Fifteen years ago today, Magglio Ordoñez made the greatest Tigers play of the 21st century.
October 14, 2006, in front of a Comerica Park crowd of 43,000, Ordoñez hit his second home run of the game, a walkoff to sweep the Oakland Athletics and clinch the American League Championship Series. (On October 14, 1984, Kirk Gibson hit two home runs of his own in Game 5 of the World Series, the latter captured by Mary Schroeder's iconic photograph.)
As heralded as Magglio's homer was, it is only now, a decade and a half later, that video evidence reveals the true import of his performance that autumn afternoon. A single swing of the bat – three innings earlier – is arguably the most remarkable call in the history of sports. More than Babe Ruth's apocryphal home run point in 1932, more than Joe Namath's Super Bowl III guarantee, more than Muhammed Ali predicting the round he'd knock out Sonny Liston.
And unlike the Houston Astro's hidden camera or God talking to Charles Barkley (without notifying Michael Jordan), the call that propelled Detroit into their first World Series of the new millennium happened in plain site.
See if you can spot it for yourself:
How did we not see it at the time? It's clear in hindsight that Ordoñez goes all in on first pitch he sees because of the expertly executed call he gets from the third-base line upon stepping into the batters box.
Here it is again:
You don't need advanced sabermetrics to determine – after striking out swinging and giving up a fly ball to center field is in his first two plate appearances, with no outs, no runners on, down one run and facing a 6'5" right-handed starting pitcher in the sixth – Ordoñez would have been better off hitting a deep single or stand-up double to get on base ahead of Carlos Guillen and Pudge Rodriguez.
But Magglio heeded the call.
And that made all the difference. Following Ordoñez's solo shot and Guillen's single to right field, the A's went to their bullpen. Three innings and three Oakland pitchers later, as the sun set and waning gibbous moon rose over the post-Super Bowl XL city skyline, Magglio's three-run walkoff seemed almost preordained.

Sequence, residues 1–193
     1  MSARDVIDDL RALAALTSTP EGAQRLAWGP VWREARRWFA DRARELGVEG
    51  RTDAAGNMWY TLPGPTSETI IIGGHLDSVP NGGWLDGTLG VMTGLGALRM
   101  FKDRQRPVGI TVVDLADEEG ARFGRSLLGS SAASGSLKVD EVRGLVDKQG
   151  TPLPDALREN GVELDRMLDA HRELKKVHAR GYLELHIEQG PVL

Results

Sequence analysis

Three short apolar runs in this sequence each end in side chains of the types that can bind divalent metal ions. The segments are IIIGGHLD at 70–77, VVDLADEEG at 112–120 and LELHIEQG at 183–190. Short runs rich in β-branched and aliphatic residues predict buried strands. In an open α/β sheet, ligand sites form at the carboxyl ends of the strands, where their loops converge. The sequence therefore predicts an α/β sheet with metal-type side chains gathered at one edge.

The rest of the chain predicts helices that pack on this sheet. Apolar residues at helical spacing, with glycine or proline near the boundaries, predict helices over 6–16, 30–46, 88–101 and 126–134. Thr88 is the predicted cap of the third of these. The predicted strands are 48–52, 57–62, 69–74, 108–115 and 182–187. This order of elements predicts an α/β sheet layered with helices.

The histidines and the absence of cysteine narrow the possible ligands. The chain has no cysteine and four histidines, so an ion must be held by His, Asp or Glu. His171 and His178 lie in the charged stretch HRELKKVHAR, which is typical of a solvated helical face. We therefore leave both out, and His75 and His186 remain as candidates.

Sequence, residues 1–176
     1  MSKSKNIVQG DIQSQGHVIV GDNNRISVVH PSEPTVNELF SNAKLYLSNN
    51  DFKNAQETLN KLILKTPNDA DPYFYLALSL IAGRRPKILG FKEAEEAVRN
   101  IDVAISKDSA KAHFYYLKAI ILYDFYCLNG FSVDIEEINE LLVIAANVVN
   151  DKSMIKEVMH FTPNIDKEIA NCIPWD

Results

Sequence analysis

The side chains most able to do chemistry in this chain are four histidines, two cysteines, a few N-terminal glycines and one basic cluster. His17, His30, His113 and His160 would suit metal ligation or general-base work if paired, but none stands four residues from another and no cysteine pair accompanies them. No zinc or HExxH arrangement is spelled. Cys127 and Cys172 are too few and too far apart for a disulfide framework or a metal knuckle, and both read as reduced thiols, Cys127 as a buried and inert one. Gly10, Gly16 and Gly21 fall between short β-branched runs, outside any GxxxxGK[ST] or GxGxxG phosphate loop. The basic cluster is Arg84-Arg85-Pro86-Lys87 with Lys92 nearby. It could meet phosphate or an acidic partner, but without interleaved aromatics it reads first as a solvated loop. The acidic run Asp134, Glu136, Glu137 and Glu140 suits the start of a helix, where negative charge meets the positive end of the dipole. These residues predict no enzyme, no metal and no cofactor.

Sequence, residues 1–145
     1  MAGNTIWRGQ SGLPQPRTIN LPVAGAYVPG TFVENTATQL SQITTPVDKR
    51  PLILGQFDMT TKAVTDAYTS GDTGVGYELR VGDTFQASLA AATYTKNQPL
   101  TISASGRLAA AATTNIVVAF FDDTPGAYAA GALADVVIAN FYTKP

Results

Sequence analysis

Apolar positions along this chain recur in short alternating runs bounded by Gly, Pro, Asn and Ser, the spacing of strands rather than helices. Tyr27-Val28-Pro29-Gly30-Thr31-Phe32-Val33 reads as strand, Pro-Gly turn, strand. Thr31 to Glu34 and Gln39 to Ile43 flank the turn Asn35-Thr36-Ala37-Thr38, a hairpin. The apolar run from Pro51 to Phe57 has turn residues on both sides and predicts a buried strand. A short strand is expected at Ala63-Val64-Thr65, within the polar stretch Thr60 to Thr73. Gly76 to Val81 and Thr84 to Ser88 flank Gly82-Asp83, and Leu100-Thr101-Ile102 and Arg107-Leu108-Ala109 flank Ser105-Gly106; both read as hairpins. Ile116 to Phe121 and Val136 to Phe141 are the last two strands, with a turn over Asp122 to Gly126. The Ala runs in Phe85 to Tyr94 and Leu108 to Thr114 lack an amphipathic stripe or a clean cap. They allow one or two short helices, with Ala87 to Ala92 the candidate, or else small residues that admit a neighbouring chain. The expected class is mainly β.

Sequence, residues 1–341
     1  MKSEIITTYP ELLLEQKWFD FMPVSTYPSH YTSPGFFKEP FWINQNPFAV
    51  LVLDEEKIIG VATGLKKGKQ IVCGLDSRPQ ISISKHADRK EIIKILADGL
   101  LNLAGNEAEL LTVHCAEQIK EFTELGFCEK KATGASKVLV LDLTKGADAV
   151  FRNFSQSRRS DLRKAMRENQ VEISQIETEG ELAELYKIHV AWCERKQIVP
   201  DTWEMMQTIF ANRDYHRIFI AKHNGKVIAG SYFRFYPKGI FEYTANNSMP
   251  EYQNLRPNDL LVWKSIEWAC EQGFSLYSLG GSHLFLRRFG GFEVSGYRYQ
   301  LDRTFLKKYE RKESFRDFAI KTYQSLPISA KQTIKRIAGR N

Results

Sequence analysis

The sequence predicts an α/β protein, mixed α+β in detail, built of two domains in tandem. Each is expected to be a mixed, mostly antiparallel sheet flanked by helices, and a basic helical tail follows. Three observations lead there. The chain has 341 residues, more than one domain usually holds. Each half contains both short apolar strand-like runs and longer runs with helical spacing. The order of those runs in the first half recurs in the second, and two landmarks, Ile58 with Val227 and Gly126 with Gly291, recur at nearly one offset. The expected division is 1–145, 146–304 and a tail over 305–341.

What, then, of the mysterious play caller? The fan with the plan? The svengali of swat? Jacob Rosenzweig went unnoticed that fateful night and has kept a low profile in the intervening years. The matter is cause for great speculation.
Ostensibly, Rosenzweig was attending the game as a bar mitzvah present from his Uncle Keith. Jewish News records corroborate him becoming bar mitzvah, but further investigation has confirmed that "Uncle Keith" is not, in fact, related to the Rosenzweigs. Which raises further suspicion, especially considering how Jacob's matriculation at the University of Alabama lines up with the implementation of the College Football Playoff, to say nothing of Ordoñez's post-MLB political misadventures in Venezuela.
Rosenzweig has been spotted at games from time to time, including this critical win against the Seattle Mariners on June 8, 2021. He was seated behind home plate, but there is mysteriously no video footage of him leading up to Westland-native Eric Haase's two-run homer.
Sources have reason to believe that he may now be passing his signals through an intermediary.
About the only thing we can say with certainty about this young man – who like Dolly Parton or the Giving Tree, has so enriched our lives while asking next to nothing in return – is that he is no longer a Lions season ticket holder.
But winter is coming...